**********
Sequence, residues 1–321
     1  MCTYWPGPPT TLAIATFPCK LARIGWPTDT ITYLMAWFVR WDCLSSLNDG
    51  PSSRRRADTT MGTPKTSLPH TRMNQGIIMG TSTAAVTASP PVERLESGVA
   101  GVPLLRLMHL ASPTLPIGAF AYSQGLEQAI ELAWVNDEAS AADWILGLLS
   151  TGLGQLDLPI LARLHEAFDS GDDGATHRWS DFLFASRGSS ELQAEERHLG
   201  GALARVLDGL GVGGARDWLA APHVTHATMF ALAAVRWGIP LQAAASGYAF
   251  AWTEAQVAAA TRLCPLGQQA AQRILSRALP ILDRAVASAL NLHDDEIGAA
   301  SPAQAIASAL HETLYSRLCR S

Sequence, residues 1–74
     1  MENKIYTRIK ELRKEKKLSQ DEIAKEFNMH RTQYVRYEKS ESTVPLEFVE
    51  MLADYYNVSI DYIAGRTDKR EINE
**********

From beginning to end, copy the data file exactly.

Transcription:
Sequence, residues 1–321
     1  MCTYWPGPPT TLAIATFPCK LARIGWPTDT ITYLMAWFVR WDCLSSLNDG
    51  PSSRRRADTT MGTPKTSLPH TRMNQGIIMG TSTAAVTASP PVERLESGVA
   101  GVPLLRLMHL ASPTLPIGAF AYSQGLEQAI ELAWVNDEAS AADWILGLLS
   151  TGLGQLDLPI LARLHEAFDS GDDGATHRWS DFLFASRGSS ELQAEERHLG
   201  GALARVLDGL GVGGARDWLA APHVTHATMF ALAAVRWGIP LQAAASGYAF
   251  AWTEAQVAAA TRLCPLGQQA AQRILSRALP ILDRAVASAL NLHDDEIGAA
   301  SPAQAIASAL HETLYSRLCR S

Sequence, residues 1–74
     1  MENKIYTRIK ELRKEKKLSQ DEIAKEFNMH RTQYVRYEKS ESTVPLEFVE
    51  MLADYYNVSI DYIAGRTDKR EINE